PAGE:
Mitch McConnell may or may not be right that candidates like Don Bolduc or Blake Masters lost “sure” races. But then again McConnell waited until the last minute to help the former and not at all the latter. We were told the RNC had superb “new” congressional candidates—but many of them got trounced. So, what is the alternative to selecting primary candidates or forbidding so-called losers to run? Just let the people vote for whomever they wish, the more candidates the merrier.

In truth, we do not know who the nominee will be in 2024. Now, of course, with Trump’s implosion and DeSantis’s deserved ascendence, we naively feel it is almost a done deal. The more Trump screams crazy things at DeSantis and the more the latter sits in silence and plays rope-a-dope watching Trump punch shadows in vain, all the more the “experts” deem Trump through and DeSantis coronated.

But Trump has nine lives and only about seven are expended. The candidate who survived the Access Hollywood psychodrama and January 6th has a history of recovery from the unrecoverable. And there are also other candidates—Nikki Haley, Mike Pompeo, Mike Pence, Tim Scott—who will have their moments. Expect Biden’s hubris to incur Nemesis. The likely dilemma will be more on the Democratic side about who will replace incumbent Biden, given his health, his terrible record, and his increasingly angry, get-off-my-grass snarling.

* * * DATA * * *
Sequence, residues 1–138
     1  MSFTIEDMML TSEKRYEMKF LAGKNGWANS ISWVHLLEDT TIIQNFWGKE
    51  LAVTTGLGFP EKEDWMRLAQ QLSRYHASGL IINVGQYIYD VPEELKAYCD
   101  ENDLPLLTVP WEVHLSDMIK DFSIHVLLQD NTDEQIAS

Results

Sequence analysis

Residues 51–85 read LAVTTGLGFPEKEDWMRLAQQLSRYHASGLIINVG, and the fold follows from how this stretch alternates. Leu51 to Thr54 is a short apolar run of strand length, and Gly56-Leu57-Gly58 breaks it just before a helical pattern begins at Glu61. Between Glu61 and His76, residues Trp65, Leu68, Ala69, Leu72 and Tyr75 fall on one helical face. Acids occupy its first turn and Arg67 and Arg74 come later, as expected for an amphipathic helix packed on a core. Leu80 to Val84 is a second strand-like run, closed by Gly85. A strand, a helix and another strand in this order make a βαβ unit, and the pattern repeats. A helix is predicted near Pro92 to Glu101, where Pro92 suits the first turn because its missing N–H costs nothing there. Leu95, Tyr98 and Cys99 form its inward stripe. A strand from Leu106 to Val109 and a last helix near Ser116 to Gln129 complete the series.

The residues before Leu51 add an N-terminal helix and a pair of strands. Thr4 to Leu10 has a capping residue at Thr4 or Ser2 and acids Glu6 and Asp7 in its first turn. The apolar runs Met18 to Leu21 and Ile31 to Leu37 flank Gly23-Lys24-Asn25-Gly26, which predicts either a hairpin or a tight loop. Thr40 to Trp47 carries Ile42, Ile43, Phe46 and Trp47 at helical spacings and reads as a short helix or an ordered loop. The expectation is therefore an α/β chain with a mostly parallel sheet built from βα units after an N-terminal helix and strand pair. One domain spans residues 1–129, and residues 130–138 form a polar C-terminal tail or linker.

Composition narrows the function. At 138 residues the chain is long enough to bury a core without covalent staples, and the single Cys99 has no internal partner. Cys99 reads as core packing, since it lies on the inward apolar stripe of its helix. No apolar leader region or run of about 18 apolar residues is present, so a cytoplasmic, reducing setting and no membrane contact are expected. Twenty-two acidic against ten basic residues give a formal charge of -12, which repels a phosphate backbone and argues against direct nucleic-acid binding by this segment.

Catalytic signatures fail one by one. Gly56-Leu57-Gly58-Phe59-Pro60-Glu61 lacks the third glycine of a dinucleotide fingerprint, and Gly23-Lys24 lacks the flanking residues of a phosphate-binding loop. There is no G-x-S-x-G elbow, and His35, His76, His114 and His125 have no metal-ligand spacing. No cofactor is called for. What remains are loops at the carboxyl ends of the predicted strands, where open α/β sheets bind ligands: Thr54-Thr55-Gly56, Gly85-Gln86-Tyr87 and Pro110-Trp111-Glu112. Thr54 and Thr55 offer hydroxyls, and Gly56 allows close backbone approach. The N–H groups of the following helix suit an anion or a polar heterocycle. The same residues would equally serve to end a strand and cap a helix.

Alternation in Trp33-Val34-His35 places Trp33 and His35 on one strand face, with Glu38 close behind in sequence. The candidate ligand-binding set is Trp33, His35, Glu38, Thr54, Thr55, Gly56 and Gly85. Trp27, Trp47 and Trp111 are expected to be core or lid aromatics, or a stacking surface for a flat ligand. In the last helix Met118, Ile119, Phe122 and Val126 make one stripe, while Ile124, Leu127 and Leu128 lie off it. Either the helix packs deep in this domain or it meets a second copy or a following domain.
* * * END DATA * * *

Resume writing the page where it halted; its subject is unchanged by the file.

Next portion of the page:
In a perfect world, Trump emeritus perhaps would retire to Mar-a-Lago, rest on his considerable 2017–21 laurels, contrast his four years with Biden’s, spread his PAC treasure liberally among MAGA candidates, and talk about issues as he hopes a DeSantis does well in perpetuating his own agenda.

But this is not a perfect world. Trump believes he was so wronged, so slandered, so damned by two impeachments, the Russian-collusion hoaxes, the laptop melodrama, and the weirdly radical changes in the 2020 election laws in most states that explain our present messy voting today, that he sees 2024, at best, as deserved redemption and, at worst, an occasion to get back power to get-even and settle scores.

So let the games begin as we distill who is the last person standing.

If Trump slips more, or if DeSantis trips in the future, there are plenty ready to “pounce” and capitalize. Certainly, no one thought Joe Biden would be the nominee in 2020 after his dismal February. Few imagined Trump in 2016 would win either the primaries or the general election. Most thought Hillary in 2008 would crush Obama by convention time. The idea of a John Fetterman to me is a terrifying notion. But the people of Pennsylvania disagree and so they will live either with a recovered socialist senator or a serial stroke-suffering socialist senator, but it is their choice, not anyone else’s.

So, we will have a Lucha libre of all comers. And We the People alone will see how it will end up. The op-ed pages, the Sunday shows, the polls, Silicon Valley, Mark Zuckerberg, and the insiders at the DNC or RNC don’t quite yet have the power to anoint candidates.

So let the people vote—wisely or foolishly—and live with their decision as they must.

About abyssum

I am a retired Roman Catholic Bishop, Bishop Emeritus of Corpus Christi, Texas